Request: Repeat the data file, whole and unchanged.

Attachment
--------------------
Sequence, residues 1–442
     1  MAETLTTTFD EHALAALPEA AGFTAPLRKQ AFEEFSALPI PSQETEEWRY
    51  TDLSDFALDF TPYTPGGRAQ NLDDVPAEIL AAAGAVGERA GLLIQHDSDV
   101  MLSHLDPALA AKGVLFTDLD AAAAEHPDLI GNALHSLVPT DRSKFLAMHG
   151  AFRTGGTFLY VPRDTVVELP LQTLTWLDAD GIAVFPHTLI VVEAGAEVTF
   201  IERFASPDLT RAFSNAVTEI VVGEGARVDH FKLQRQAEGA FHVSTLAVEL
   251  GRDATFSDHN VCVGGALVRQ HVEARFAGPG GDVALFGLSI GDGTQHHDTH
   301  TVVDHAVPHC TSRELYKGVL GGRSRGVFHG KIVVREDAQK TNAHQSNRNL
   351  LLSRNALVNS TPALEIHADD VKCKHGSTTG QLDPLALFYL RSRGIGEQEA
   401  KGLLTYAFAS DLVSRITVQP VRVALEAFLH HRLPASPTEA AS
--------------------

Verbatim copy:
Sequence, residues 1–442
     1  MAETLTTTFD EHALAALPEA AGFTAPLRKQ AFEEFSALPI PSQETEEWRY
    51  TDLSDFALDF TPYTPGGRAQ NLDDVPAEIL AAAGAVGERA GLLIQHDSDV
   101  MLSHLDPALA AKGVLFTDLD AAAAEHPDLI GNALHSLVPT DRSKFLAMHG
   151  AFRTGGTFLY VPRDTVVELP LQTLTWLDAD GIAVFPHTLI VVEAGAEVTF
   201  IERFASPDLT RAFSNAVTEI VVGEGARVDH FKLQRQAEGA FHVSTLAVEL
   251  GRDATFSDHN VCVGGALVRQ HVEARFAGPG GDVALFGLSI GDGTQHHDTH
   301  TVVDHAVPHC TSRELYKGVL GGRSRGVFHG KIVVREDAQK TNAHQSNRNL
   351  LLSRNALVNS TPALEIHADD VKCKHGSTTG QLDPLALFYL RSRGIGEQEA
   401  KGLLTYAFAS DLVSRITVQP VRVALEAFLH HRLPASPTEA AS